Andrew Huff spearheaded the movement in the Gatlinburg area, and he opened the first hotel in Gatlinburg – the Mountain View Hotel – in 1916.[30] His son, Jack, established LeConte Lodge atop Mount Le Conte in 1926.[31] In spite of resistance from lumberers at Elkmont and difficulties with the Tennessee legislature,[29] Great Smoky Mountains National Park opened in 1934.

The park radically changed Gatlinburg. When the Pi Beta Phis arrived in 1912, Gatlinburg was a small hamlet with six houses, a blacksmith shop, a general store, a Baptist church, and a greater community of 600 individuals, most of whom lived in log cabins.[32] In 1934, the first year the park was open, an estimated 40,000 visitors passed through the city. Within a year, this number had increased over twelvefold to 500,000.[19] From 1940 to 1950, the cost per acre of land in Gatlinburg increased from $50 (equivalent to $1,000 in 2023) to $8,000 (equivalent to $101,000 in 2023).[33]

While the park's arrival benefited Gatlinburg and made many of the town's residents wealthy, the tourism explosion led to problems with air quality and urban sprawl. Even in modern times, the town's infrastructure is often pushed to the limit on peak vacation days and must consistently adapt to accommodate the growing number of tourists.[19]

Fire of 1992


On the night of July 14, 1992, Gatlinburg gained national attention when an entire city block burned to the ground due to faulty wiring in a light fixture. The Ripley's Believe It or Not! museum was consumed by the fire, along with an arcade, haunted house, and souvenir shop. The blaze was stopped before it could consume the adjacent 32-story Gatlinburg Space Needle. Known to locals as "Rebel Corner," the block was completely rebuilt and reopened to visitors in 1995. Few artifacts from the Ripley's Museum were salvaged, and those that survived are marked with that designation in the new museum. The fire prompted new downtown building codes and a new downtown fire station. Ripley's has caught fire twice since it reopened, once in 2000 and again in 2003. Both of those fires, coincidentally, were caused by faulty light fixtures. The 2000 fire caused no damage, and the 2003 fire was contained to the building's exterior, with the museum suffering minimal damage, primarily cosmetic.[34]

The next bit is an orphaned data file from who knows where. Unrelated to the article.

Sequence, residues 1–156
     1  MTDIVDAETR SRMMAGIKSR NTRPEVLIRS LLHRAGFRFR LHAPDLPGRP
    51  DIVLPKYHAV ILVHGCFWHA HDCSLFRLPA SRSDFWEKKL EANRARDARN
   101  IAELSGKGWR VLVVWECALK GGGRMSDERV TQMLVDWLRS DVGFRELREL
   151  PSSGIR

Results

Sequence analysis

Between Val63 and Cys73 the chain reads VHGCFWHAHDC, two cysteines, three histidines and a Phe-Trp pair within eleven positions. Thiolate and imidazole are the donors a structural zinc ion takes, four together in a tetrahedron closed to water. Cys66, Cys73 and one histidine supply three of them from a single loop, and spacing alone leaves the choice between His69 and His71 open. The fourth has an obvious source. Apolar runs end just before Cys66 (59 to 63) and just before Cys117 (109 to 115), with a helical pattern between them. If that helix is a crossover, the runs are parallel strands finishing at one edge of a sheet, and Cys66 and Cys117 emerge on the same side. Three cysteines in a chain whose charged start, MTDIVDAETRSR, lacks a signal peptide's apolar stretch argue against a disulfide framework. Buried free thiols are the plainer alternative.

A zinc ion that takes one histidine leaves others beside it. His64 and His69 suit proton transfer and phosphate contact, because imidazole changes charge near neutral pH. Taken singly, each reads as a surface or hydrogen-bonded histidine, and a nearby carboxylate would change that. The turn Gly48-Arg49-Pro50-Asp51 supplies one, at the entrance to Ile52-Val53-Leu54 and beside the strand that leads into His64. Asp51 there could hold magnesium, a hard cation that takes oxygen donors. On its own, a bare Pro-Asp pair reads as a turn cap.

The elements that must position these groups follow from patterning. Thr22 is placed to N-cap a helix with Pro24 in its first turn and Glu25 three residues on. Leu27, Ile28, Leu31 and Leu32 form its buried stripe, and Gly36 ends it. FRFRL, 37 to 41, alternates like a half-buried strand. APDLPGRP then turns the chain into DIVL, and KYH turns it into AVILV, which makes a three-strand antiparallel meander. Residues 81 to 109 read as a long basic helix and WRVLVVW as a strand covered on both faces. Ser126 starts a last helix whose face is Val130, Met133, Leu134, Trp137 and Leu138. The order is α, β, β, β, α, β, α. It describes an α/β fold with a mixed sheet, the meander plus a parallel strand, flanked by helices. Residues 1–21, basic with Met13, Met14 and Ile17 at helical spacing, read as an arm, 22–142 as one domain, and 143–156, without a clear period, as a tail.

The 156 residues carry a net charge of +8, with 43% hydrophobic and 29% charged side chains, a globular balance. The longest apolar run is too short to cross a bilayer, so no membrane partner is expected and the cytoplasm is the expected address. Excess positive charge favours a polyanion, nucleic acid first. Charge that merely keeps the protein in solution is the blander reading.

Fire of 2016

External videos
video icon Wildfires leave Gatlinburg in ruins on YouTube

Starting in the Great Smoky Mountains National Park at Chimney Tops in November 2016, a moderately contained wildfire was compounded by very strong winds – with gusts recorded up to 87 miles per hour (140 km/h) – and extremely dry conditions due to drought, causing it to spread down into Gatlinburg, Pigeon Forge, Pittman Center, and other nearby areas.[35] It forced mass evacuations, and Governor Bill Haslam ordered the National Guard to the area. The center of Gatlinburg's tourist district escaped heavy damage, but the surrounding wooded region was called "the apocalypse" by a fire department lieutenant.[36] Approximately 14,000 people were evacuated that evening, more than 2,400 structures were damaged or destroyed, and damages totaled more than $500 million. Fourteen people died in the fires, including local citizens and visiting tourists.

Following the fires, the town of Gatlinburg was shut down and considered a crime scene. The city reopened to residents only after a few days but maintained a strict curfew for more than a week, only reopening to the public after the curfew was lifted.[37] In June 2017, the Sevier County district attorney dropped charges against two juveniles accused of starting the fire due to an inability to prove their actions led to the devastation that occurred in Gatlinburg five days later.[38][39]

In May 2018, two Gatlinburg residents filed a $14.8 million lawsuit against the federal government for personal losses suffered in the fire.[40]

Registered historic sites




According to the United States Census Bureau, the city has a total area of 10.1 square miles (26 km2), all of which is land. It is surrounded on all sides by high ridges, with the Le Conte and Sugarland Mountain massifs rising to the south, Cove Mountain to the west, Big Ridge to the northeast, and Grapeyard Ridge to the east. The main watershed is the West Fork of the Little Pigeon River, which flows from its source on the slopes of Mount Collins to its junction with the Little Pigeon at Sevierville.[42]